No more overtime for caregivers could mean less independence for people with disabilities
For people living with disabilities, life presents a lot of challenges.
A waiver re-design in Virginia is having an impact of thousands of people in our hometowns.
Steve Grammer has cerebral palsy, a condition that put him in a nursing home for nine years.
Now at age 36, he's afraid he might have to go back.
Grammer is worried about a waiver re-design that now prevents "consumer- directed service caregivers" from working over 40 hours a week.
Stephen's caregiver, Lisa Conner, says the change will make it tough to attract and keep workers in her field.
"That's just going to be hard for people to find caregivers, because anybody is going to be looking for a job where they can get overtime, because that's crucial for anyone," says Conner.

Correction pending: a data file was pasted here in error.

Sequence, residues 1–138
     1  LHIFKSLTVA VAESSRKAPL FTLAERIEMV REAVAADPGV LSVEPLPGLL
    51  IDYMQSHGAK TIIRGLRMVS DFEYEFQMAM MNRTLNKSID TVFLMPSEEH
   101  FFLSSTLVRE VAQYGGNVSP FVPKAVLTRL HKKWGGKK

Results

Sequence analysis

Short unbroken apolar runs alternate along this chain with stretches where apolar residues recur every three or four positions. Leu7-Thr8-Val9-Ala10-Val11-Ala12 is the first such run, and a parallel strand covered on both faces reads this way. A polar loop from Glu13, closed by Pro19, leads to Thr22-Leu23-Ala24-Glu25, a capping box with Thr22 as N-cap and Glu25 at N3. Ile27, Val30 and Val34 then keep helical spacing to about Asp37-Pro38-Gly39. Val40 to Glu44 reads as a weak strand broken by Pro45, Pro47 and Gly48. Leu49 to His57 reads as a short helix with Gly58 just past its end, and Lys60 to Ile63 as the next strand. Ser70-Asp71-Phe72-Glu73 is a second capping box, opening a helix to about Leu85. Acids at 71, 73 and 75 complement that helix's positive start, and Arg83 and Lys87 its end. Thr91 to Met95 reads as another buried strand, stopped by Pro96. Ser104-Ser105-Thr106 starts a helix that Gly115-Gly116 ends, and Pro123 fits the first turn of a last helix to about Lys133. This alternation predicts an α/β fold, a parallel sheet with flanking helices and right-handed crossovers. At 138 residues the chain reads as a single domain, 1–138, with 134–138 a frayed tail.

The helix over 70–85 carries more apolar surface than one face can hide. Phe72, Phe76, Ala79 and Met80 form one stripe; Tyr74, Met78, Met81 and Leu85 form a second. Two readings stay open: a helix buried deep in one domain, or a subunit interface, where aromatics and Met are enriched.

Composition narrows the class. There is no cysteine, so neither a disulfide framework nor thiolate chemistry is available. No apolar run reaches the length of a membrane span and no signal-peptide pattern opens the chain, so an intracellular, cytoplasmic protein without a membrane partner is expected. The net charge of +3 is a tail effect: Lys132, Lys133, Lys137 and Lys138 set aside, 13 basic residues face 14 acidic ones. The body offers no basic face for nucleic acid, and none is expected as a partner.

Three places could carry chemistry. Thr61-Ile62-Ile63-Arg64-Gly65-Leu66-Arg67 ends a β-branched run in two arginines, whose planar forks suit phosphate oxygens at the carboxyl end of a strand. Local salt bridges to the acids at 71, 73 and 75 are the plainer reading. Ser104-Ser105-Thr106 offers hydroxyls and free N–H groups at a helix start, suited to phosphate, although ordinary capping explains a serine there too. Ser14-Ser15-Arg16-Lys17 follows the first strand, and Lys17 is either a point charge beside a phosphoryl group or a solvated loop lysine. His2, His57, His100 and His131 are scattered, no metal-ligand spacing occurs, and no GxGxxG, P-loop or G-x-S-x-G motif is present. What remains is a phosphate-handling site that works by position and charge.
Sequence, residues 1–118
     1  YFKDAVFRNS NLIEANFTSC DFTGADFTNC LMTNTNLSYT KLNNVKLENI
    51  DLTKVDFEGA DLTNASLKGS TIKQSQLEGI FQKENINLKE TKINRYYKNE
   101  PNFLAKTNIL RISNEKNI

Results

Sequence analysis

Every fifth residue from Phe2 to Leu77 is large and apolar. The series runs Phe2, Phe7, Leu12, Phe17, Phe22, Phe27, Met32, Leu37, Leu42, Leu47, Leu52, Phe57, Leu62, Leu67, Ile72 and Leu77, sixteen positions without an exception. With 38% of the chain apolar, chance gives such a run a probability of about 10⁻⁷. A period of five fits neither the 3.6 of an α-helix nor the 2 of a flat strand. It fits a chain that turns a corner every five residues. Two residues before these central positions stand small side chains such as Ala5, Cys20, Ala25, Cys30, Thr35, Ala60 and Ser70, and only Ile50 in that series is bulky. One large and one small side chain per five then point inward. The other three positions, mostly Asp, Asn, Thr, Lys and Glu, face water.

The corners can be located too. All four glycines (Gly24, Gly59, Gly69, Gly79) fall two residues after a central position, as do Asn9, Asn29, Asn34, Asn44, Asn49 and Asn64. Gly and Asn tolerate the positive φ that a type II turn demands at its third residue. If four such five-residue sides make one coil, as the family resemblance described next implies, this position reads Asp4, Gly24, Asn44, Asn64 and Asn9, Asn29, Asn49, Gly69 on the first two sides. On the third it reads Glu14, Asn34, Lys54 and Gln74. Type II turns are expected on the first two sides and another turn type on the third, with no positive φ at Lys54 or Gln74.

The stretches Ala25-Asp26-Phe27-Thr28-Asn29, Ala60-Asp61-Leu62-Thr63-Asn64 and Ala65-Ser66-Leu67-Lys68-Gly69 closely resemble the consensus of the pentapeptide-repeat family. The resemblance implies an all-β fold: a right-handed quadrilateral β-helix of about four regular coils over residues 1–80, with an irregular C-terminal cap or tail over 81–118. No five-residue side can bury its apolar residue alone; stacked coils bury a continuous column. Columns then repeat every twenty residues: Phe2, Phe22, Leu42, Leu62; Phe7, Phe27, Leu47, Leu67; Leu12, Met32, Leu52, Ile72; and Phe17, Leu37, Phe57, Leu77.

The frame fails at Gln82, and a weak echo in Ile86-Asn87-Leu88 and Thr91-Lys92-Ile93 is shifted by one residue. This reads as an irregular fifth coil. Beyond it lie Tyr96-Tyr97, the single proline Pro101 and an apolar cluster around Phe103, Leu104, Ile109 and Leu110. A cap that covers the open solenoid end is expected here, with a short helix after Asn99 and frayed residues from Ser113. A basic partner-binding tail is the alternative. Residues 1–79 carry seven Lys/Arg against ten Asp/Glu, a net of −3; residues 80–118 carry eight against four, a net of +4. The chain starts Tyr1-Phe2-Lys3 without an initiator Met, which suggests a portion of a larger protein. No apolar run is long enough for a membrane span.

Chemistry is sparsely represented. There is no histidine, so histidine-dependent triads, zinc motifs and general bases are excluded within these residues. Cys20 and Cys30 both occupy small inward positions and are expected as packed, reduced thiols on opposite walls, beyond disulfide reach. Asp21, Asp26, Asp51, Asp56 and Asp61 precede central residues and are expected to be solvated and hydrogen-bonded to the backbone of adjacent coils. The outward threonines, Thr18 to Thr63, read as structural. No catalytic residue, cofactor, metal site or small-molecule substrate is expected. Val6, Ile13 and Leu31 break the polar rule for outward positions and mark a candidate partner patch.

Caroline Raker works for Moms in Motion, which oversees thousands of people on medicaid waivers.
She says many of them don't have friends or family to help them, when an attendant can't be there.
Raker says "And it puts people like Stephen at risk, because what would happen if he would fall, or if something would happen in the home."
Raker says there are caregivers who are passionate, and work longer hours without pay, but says that's not a realistic solution.
"A lot of people want to do this job," she says. "But they can't sustain their families and do it."
There are more than 40,000 people with medicaid waivers in Virginia.
To read more about the waiver re- design, as well as Moms in Motion, you'll find helpful links to the right of this story.